The second one is a poetry anthology for kids about Walt Whitman.  There are poems with water color art work that help deepen the understanding of the poem.  Some of them are poems in their entirety and others are excerpts (which is noted).  There is also help along each page in the form of definitions of some of the more arcane or unusual words for the kids.  In the back, there are two pages with notes that give some background or a short explanation of what Whitman might have meant or how it fit into a larger historical context.  I can see this one being used as a mentor text easily because the poetry of Whitman is so beautiful.  Have the excerpts along with the vocabulary and the background information will make this one invaluable.  

The last one is an animal book, YAY!!!  It's called "The Great Penguin Rescue" by Sandra Markle.  She's published over 200 books, including the wildly popular series "What if you had an animal...?".  My students LOVE those, so you KNOW Sandra knows how to write for kids.  She's also written two other books about animal rescue, "The Great Leopard Rescue" about snow leopards and "The Great Monkey Rescue" about golden lion tamarins.  The other books have been big hits in my elementary school library and this "Great Penguin Rescue" is no exception.  It's about African penguins.  Did you even know there were penguins in Africa?  I totally did not, but apparently they are, and they are in danger.  Sandra uses clear text and engaging pictures to show all the dangers that penguins face as well as how scientists are trying to learn more about them and environmentalists are trying to help.  The pictures are big and vivid and there are maps and charts to help with comprehension.  My students LOVE books like this, so I can't wait to get this one into the library.  

Wednesday, July 19, 2017

New things to discover in middle grade books

I'm taking a break from reading picture books.  I've been visiting my parents and my brother in NC and the picture books are too heavy to bring along!  Thank goodness I have my iPad loaded with middle grade fiction.  There are some great ones coming soon!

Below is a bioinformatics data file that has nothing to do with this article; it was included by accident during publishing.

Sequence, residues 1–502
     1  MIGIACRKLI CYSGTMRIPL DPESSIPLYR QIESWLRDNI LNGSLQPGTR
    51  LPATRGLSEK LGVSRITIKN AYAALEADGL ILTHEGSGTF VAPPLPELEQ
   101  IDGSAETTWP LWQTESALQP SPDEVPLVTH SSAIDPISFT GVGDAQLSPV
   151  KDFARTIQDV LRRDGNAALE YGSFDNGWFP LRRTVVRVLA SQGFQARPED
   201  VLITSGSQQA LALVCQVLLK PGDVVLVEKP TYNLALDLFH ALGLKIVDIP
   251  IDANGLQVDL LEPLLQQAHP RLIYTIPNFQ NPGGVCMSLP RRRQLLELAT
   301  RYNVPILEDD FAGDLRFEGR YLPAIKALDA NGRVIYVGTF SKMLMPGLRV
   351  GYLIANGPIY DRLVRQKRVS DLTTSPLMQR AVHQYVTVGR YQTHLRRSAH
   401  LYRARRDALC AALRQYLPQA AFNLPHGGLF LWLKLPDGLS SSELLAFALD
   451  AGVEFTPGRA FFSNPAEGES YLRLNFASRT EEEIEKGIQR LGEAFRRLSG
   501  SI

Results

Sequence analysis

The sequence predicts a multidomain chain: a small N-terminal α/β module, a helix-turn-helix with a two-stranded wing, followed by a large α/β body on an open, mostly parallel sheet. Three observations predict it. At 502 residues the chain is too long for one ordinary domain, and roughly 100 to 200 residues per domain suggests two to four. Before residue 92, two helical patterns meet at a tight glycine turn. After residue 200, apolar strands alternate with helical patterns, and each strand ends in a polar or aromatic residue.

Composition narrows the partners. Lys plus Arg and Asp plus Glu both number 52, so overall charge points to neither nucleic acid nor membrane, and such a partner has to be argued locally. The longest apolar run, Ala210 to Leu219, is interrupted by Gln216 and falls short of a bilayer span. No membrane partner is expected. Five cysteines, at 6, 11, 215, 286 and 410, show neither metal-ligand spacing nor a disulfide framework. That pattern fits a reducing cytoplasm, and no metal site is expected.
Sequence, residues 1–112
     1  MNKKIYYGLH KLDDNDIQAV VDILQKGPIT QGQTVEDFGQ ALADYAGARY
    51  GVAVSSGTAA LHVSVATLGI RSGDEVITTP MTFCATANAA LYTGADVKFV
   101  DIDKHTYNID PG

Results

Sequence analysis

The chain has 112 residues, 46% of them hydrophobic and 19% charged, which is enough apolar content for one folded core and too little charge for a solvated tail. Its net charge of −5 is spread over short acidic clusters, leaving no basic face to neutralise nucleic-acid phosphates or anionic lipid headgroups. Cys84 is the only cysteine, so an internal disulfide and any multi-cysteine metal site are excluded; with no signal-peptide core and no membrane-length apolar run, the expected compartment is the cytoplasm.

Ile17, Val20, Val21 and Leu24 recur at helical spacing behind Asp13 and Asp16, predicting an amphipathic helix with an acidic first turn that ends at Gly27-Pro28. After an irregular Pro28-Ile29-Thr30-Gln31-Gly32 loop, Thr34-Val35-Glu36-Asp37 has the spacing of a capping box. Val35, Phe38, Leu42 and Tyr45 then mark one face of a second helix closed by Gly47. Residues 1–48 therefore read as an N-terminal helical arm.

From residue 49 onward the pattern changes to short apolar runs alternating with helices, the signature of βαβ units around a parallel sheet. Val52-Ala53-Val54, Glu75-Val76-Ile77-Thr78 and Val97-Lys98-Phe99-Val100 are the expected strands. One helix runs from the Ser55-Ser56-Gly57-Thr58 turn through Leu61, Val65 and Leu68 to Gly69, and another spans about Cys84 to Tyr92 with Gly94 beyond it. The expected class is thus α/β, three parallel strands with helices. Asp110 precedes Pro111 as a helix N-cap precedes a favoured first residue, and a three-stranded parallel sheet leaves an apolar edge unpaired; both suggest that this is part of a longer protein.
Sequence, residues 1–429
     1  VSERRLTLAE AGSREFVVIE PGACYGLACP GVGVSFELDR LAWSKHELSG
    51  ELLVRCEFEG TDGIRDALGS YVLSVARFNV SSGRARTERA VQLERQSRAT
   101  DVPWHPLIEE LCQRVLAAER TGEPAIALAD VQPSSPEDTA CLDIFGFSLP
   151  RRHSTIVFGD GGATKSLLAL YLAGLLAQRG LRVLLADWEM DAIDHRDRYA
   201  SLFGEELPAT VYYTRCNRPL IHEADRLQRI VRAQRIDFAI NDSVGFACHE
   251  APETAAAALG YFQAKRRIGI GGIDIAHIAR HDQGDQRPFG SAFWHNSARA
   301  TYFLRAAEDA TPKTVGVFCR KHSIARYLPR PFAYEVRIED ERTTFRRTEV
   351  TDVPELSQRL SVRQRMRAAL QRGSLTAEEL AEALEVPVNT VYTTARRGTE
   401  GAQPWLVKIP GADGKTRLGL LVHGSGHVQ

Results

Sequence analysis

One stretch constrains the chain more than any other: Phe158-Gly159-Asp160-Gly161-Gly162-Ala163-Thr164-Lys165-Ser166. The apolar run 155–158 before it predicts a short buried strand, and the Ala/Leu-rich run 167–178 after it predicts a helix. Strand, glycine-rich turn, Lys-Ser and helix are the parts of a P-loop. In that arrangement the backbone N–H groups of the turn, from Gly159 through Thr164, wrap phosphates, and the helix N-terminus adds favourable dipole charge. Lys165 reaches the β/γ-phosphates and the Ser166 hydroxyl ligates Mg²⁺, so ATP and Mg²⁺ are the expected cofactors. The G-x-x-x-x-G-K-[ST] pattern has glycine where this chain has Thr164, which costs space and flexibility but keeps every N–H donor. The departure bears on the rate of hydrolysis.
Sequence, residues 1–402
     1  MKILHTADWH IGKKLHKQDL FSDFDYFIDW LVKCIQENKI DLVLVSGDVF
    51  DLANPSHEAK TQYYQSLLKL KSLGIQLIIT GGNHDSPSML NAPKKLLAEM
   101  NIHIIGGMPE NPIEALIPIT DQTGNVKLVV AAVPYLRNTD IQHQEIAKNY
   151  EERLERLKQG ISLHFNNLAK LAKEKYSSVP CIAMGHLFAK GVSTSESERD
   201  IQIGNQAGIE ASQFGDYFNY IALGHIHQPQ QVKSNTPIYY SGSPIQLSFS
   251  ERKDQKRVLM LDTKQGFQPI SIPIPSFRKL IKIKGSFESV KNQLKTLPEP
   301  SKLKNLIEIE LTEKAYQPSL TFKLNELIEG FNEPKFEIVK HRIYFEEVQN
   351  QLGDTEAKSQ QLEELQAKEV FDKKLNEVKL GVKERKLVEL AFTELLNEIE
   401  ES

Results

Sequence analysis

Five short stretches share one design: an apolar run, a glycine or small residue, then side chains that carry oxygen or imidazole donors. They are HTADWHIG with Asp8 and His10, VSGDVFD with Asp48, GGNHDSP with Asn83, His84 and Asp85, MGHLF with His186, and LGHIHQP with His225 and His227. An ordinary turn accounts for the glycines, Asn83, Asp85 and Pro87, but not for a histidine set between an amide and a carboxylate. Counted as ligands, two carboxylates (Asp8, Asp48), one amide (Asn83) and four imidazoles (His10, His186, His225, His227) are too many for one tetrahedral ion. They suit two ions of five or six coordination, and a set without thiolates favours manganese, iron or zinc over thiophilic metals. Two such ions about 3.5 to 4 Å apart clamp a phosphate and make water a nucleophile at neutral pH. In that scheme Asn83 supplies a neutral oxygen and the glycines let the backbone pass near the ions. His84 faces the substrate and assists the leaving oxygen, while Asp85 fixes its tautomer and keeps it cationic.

The first one is called "The Shadow Weaver" by Marcykate Connolly.  It's about a girl named Emmeline who can weave shadows using magic.  What that means is that she can use her magic to get the shadows to do what she wants them to do.  It's a very cool power to have but her parents think it's creepy and scary.  Emmeline also has a shadow friend who encourages her to use her power and kind of helps her along with the magic.  Dar has been her friend since she was little and really, Emmeline's only friend.  One day some people come to Emmeline's home and offer to take Emmeline to cure her of her magic.  Emmeline's parents think this is a great idea, since they think the whole shadow weaving is kind of creepy and weird things have happened to people that Emmeline has disagreed with.  So Dar encourages Emmeline to run away.  As they run, it turns out soldiers are chasing them and Emmeline comes across a boy who also has magic but his magic is light and his parents are supportive.  Emmeline stays with them and with Dar's encouragement, lies to them about why she's running away and about her magical powers.  When all of the plot elements converge, it's a pretty exciting ride.  I really liked Emmeline and her evolution as a character. I loved the idea of magic that was based on light and shadows (lots of great symbolism there!) and I'm really happy to see that this the first in a series!